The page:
The Grand Bazaar

The Grand Bazaar in Istanbul is one of the oldest and largest covered markets of the world. The construction of the Grand Bazaar started shortly after the conquest of Constantinople (in 1453) by the Ottoman Turks (Fatih Sultan Mehmet) and was part of a broader initiative to stimulate economic prosperity in Istanbul. It was devoted to trading in textiles and gems near the palace of Sultan Mehmet II.  Today, you can find many treasures there, from precious jewels, gold, leather, spices and many more besides. 

The Turks originated in the steppes of Central Asia, The Seljuk tribe of nomadic people, settled into Asia Minor in the 11th century. So it is no surprise that so much of the culture and treasures from the Turkic people which include Azerbaijanis, Uzbeks, Kazakhs, Turkmens, Kyrgyz and Uyghur people. Central Asian people lived their daily lives surrounded by textiles, most of their own making. Textiles defined practically every aspect of their traditional way of life, beginning with a young girl's dowry, through marriage, childbirth, old age and death.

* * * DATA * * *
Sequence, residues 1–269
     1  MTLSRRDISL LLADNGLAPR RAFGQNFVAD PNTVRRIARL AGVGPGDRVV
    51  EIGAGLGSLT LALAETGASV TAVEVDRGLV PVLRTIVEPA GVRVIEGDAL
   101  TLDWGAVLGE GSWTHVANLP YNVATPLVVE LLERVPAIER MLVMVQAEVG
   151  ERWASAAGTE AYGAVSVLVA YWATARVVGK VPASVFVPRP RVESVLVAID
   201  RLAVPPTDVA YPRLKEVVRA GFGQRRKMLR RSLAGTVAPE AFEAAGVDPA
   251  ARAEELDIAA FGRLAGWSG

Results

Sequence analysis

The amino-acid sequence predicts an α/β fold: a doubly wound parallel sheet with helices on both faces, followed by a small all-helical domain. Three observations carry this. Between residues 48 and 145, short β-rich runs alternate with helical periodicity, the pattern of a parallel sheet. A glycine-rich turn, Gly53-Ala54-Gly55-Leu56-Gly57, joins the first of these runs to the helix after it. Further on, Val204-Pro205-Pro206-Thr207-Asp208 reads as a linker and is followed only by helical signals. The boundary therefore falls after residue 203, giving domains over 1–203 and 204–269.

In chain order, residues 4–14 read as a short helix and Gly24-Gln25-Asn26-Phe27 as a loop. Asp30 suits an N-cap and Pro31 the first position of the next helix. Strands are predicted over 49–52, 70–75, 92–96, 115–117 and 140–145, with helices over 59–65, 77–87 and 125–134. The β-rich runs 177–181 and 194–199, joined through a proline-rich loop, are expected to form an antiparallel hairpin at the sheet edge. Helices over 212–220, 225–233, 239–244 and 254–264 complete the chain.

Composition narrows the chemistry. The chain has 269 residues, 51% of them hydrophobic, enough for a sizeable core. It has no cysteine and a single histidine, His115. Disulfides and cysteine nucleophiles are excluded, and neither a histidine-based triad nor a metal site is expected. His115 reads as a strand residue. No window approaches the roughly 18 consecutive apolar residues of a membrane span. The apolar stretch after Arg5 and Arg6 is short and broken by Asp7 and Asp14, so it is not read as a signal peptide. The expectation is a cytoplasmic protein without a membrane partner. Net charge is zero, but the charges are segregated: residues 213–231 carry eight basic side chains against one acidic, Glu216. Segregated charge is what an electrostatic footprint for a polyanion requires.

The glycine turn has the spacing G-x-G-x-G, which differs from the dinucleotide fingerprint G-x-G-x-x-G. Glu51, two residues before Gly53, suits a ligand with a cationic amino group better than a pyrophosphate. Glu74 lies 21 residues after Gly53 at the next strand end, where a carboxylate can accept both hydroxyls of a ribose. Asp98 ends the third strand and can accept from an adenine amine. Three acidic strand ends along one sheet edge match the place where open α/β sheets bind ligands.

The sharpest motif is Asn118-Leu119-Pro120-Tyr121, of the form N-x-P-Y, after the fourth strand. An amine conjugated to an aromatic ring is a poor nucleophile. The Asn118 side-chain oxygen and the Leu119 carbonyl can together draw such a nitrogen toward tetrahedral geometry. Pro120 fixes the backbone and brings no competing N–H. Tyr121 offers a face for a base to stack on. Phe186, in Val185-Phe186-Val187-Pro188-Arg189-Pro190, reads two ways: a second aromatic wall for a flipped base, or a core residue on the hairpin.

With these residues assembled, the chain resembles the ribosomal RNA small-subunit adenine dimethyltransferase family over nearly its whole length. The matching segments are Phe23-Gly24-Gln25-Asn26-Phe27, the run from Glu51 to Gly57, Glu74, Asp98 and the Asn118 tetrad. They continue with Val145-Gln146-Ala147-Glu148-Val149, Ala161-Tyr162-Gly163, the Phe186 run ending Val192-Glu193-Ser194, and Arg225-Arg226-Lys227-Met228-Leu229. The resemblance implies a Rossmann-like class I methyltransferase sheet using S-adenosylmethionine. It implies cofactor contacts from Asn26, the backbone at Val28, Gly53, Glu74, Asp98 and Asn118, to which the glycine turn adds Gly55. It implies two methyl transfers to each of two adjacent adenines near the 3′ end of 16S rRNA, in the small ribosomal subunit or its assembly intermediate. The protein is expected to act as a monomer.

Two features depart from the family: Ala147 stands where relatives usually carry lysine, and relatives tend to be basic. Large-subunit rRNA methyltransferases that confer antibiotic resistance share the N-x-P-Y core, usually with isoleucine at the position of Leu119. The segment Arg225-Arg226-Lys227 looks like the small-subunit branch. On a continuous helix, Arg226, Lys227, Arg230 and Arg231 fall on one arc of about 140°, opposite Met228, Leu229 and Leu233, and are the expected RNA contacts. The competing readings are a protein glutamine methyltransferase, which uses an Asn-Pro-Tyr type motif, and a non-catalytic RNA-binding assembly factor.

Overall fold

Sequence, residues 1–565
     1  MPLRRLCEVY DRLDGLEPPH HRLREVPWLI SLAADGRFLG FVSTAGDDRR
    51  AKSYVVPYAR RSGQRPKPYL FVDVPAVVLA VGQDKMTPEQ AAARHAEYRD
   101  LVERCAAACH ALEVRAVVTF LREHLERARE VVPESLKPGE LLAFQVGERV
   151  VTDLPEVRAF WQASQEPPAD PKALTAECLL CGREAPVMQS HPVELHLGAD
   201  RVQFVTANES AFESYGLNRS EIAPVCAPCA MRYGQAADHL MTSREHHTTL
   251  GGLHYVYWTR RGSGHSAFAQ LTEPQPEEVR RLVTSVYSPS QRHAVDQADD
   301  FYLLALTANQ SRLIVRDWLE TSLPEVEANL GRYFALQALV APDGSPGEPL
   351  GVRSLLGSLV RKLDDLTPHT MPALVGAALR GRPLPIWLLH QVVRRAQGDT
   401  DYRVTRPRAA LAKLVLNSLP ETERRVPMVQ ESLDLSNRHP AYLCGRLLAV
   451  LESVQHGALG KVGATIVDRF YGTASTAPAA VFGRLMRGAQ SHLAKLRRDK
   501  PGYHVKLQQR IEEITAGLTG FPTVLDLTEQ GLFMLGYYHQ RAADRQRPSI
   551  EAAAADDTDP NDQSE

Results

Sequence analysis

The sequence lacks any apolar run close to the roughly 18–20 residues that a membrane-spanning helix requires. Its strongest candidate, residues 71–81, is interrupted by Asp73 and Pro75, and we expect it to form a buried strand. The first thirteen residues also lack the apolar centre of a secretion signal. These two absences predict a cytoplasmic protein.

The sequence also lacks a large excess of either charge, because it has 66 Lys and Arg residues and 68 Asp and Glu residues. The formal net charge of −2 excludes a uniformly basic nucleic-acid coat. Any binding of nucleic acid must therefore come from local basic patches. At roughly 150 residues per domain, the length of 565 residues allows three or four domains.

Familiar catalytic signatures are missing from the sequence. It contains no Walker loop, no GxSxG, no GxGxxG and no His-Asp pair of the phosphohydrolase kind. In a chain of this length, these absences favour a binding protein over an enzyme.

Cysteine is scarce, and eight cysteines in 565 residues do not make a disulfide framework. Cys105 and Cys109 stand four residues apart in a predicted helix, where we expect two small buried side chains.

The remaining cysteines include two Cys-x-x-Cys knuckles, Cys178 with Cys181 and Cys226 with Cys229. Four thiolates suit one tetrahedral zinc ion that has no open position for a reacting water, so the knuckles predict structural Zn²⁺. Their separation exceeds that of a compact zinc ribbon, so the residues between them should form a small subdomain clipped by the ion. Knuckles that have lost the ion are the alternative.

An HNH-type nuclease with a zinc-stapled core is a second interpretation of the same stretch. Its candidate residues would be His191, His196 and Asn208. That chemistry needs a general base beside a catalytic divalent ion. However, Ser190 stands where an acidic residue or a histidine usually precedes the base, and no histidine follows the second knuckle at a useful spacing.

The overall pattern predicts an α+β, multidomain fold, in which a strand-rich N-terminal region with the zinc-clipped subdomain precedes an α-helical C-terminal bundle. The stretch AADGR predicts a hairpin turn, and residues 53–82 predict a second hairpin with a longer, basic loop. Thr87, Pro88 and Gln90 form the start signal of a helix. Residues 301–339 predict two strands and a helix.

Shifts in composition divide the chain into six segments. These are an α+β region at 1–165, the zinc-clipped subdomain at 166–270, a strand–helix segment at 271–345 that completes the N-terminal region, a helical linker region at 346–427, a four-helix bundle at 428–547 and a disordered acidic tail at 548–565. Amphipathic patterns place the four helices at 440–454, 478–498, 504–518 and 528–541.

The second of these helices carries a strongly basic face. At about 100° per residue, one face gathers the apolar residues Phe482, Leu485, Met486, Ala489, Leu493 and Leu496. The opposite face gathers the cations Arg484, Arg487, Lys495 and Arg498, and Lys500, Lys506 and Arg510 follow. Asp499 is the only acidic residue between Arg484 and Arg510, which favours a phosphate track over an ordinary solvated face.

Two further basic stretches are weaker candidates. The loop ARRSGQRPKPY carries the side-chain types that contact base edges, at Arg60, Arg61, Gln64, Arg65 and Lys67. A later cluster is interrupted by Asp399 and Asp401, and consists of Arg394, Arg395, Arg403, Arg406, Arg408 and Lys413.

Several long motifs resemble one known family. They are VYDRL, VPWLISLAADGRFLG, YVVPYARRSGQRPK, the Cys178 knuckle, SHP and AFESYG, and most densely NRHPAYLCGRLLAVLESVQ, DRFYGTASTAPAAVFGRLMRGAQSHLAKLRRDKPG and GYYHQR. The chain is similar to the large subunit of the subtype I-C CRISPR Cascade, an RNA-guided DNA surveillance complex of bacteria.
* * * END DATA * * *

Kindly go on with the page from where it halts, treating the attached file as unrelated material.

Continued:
The textiles and jewellery on show in this exhibition have arrived from Central Asia, mainly Uzbekistan via The Grand Bazaar. The kilims have been woven in Turkey, there are also many pieces that are distinctly Turkish.  Some pieces of jewellery are also from this regions. The thread that combines all of these pieces are the hand that created the pieces. it takes time to print the cloth, spin the silk, dye the yarn, thread the needle and warp on the loom. Whilst all these processes are being done, people come together, work as a collective, exchange stories, and a bit of gossip along the way. Communities and bonds are nurtured. The humble cloth has the power to unite and bring joy.